Visits to Guinea in his role as head of AngloGold Ashanti brought home to Mark Cutifani the fact that something dramatic had to shift within the mining industry if it was to survive.
There is something "just not right" about the fact that 1% of the population live with the consequences of mining, while the rest of us benefit, Cutifani told delegates in a keynote address ahead of a session on sustainable development at the Invest in Africa Mining Indaba in Cape Town on Thursday.
"The things we do [as the mining industry] are so important to global society, but the communities where we do business get the rough end of the stick."
Starting point 'the communities themselves'
The Anglo American CEO-designate said a "180-degree shift" was necessary to address this disconnect. The starting point should be the communities themselves: "It is critical to understand how to really engage with communities. We must listen to what communities want to be, not tell them who to be."
The son of an Italian father and a mother of Irish descent, Cutifani grew up in an industrial seaside town south of Sydney in Australia where, he said, he experienced the effects of mining on the community first hand, including the dust and pollution thrown up by trucks on single-lane dirt roads and the coal mines' cooling towers.
As an engineering student, Cutifani worked in a local colliery, going on to work at a number of Australian companies before moving overseas. He will be the first executive to head up Anglo American that has hands-on experience as a miner. He takes over the top job in April.
He said mining companies had a responsibility to be agents of change: "We can change the lives of communities forever. We can go from being an extractive industry to a development industry."
Cutifani reminded his audience of the crucial role mining plays in the lives of countries, economies - and in our daily lives.
Mining contributes 11.5% of global gross domestic product (GDP), with the value of services consumed a further 10%. And, if one considered the value of products and services facilitated by mining, the industry supported and drove around 45% of the world's GDP. Mining, Cutifani argued, is "integral to everything we do ... it is the most important industrial activity on the planet".
The key issue for Cutifani is to take responsibility for the impact mining has on local communities - a responsibility that should not be left solely with government.
'Difficult conversations' between all parties
Cutifani said he had recently joined other mining industry heavyweights to visit the Vatican in an attempt to learn how to best engage with communities. (Many of the NGOs working in Africa are funded by the Catholic Church.)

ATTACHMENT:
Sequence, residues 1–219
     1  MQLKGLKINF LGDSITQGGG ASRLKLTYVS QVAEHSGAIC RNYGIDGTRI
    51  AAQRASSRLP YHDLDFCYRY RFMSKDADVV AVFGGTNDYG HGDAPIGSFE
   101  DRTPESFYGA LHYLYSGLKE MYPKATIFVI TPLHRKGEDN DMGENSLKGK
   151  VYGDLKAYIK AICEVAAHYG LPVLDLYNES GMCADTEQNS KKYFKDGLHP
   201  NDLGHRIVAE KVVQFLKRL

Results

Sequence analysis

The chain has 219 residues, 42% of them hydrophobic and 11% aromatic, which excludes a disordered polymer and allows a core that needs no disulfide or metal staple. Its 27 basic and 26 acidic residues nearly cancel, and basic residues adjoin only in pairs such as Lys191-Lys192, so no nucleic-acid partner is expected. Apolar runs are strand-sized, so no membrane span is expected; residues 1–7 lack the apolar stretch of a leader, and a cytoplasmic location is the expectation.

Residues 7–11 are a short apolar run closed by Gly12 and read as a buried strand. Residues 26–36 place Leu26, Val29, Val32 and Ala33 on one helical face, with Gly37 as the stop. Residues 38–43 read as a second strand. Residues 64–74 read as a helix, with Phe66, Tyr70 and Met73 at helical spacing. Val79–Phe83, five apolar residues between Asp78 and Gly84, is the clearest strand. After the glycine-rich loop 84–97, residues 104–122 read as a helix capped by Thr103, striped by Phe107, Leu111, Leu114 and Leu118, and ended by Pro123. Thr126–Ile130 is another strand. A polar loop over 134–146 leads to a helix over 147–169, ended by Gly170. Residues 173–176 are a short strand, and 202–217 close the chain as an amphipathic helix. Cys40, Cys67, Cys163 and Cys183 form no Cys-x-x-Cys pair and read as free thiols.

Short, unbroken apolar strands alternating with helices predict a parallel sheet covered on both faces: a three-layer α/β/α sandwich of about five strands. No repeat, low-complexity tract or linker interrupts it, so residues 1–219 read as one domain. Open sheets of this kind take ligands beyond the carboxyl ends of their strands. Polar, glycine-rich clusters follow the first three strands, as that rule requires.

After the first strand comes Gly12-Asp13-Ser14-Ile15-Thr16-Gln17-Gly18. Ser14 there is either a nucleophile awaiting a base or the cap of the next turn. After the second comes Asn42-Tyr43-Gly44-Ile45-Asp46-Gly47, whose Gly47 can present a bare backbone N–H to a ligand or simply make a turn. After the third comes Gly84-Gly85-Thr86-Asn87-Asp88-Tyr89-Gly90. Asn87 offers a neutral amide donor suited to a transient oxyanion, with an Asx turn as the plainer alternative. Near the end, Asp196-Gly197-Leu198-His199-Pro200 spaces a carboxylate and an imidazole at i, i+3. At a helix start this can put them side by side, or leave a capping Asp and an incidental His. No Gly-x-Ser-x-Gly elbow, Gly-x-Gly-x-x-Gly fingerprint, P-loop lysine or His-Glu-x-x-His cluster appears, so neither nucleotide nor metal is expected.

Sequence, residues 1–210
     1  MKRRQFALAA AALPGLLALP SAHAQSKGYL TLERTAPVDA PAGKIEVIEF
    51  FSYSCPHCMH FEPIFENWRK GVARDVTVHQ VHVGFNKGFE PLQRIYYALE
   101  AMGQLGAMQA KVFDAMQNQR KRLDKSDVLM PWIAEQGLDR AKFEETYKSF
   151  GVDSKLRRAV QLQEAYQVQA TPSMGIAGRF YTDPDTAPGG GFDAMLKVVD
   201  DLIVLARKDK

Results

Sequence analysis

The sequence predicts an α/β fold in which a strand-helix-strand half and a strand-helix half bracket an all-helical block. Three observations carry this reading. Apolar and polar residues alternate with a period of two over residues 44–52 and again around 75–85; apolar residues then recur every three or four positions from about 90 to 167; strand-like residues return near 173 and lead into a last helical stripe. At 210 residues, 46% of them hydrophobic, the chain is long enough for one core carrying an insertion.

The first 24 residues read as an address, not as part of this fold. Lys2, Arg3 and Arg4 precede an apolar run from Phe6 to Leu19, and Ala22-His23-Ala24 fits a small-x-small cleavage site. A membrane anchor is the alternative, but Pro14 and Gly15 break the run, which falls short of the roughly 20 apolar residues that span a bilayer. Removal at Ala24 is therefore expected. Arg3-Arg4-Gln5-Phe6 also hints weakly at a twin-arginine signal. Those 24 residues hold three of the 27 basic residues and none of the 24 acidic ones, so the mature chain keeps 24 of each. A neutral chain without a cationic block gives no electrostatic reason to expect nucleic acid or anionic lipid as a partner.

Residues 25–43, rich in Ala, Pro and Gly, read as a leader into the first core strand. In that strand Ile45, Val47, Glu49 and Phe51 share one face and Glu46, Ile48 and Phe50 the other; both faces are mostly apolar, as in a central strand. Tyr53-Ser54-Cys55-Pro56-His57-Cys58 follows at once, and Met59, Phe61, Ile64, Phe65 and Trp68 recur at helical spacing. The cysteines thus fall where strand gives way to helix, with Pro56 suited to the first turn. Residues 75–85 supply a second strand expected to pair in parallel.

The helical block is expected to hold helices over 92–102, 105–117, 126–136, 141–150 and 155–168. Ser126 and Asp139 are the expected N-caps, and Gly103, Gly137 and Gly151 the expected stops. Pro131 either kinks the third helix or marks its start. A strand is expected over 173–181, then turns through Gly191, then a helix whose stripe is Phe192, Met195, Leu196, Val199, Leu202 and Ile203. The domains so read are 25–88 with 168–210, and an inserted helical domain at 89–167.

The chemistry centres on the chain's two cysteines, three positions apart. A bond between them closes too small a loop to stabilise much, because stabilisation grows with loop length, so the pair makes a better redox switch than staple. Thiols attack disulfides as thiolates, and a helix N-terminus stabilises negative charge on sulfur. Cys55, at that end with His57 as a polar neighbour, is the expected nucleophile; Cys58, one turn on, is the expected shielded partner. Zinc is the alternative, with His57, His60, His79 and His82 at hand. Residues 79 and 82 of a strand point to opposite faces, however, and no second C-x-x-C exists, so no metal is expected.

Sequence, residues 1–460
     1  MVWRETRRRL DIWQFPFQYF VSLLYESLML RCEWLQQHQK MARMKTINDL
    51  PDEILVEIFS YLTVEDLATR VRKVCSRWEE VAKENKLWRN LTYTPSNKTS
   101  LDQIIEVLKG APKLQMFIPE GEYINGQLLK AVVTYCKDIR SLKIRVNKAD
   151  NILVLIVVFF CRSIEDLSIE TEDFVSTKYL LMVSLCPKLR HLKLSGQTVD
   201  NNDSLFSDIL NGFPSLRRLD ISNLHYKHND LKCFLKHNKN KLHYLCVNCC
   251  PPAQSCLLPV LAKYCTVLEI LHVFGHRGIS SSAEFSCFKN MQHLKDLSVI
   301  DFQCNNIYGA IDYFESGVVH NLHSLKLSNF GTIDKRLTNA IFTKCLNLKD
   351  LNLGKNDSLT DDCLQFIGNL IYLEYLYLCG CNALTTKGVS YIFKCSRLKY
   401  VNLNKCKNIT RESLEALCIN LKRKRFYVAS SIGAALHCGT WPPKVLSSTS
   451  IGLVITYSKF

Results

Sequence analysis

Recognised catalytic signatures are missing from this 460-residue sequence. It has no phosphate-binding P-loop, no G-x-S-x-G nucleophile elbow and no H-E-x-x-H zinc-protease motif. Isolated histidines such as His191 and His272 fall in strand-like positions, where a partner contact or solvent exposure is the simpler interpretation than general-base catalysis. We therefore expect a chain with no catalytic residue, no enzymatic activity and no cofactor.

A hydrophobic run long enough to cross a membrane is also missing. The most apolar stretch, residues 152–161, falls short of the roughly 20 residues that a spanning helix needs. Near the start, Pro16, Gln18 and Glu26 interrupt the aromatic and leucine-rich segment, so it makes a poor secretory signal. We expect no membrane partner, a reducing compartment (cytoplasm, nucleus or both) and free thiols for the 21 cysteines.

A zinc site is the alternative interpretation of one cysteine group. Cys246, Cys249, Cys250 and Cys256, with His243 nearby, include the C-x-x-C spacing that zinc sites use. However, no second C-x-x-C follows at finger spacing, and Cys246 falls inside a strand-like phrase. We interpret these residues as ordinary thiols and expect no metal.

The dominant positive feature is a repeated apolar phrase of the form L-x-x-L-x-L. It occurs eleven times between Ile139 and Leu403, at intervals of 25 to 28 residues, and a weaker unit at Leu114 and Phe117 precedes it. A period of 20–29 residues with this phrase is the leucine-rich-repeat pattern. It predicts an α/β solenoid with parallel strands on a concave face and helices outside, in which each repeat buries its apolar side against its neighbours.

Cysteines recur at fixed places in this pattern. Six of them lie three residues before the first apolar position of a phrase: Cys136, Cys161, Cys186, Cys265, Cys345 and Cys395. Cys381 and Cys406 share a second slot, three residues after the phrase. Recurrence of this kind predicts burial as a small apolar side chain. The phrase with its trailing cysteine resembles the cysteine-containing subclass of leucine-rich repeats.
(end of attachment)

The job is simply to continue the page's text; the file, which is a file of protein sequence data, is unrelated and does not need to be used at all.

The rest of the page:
The meeting proved fruitful and Cutifani seems to have returned to Africa with a determination to deliver a new vision for the industry.
Describing 2013 as the year when a new future for the mining industry would be defined, Cutifani said it was through consultation and "difficult conversations" between all parties - industry, government and communities - that would bring about change.
"We have to make changes to transform the countries we work in."
Co-operation with governments was also key, he said. Appropriate macroeconomic policies, transparent regulation and security of tenure should be givens to support development and growth.
"I am a believer in South Africa. I am an optimist on South Africa - I never miss an opportunity to promote the country," Cutifani confessed.
'Why I believe in South Africa and Africa'
He said he had good reason to be so positive about South Africa in particular, and Africa in general:
Africa is home to 40% of the world's natural resources, which must be nurtured to realize their long-term potential.
Africa, with its fast growing population, has the "best age demographic" for growth. Its estimated 1-billion people is forecast to double by 2025, granting it the world's youngest working population.
Seven of the world's fastest growing economies are Africa. Sierra Leone's growth rate is at 45%, driven largely by the development of infrastructure to support its iron-ore industry. The government, Cutifani said, had leveraged its success in one industry to grow others.
Africa's labour costs are currently very low. There will be a "transitional process" as technological innovations and strong leadership improve productivity, supporting the increase in wages.
Cutifani said South Africa had consistently defied the critics. The economy has grown at a compounding growth rate of 3.2% - which was only 0.2% less than that of Australia's, whose resource-based economy often drew praise.
It is time that South Africa was recognised for its achievements as a "teenage democracy" instead of being crucified for its challenges. For example, Cutifani said, in the past 19 years, South Africa had "built more low-cost housing than any other country than any other place on the planet".
South Africa could meet its challenges once government and the private sector stopped talking past each other. "Consultation is necessary and, of course, we can all do much better," he said.
There were many capital advantages for the industry, but it was important to take advantage of circumstances to improve the life of all: "The job of those who have stewardship of capital is to support society."
The impact mining has on communities should be positive. "We have changed more in the past five years than in the past 50 years. The next five years will be critical," he said.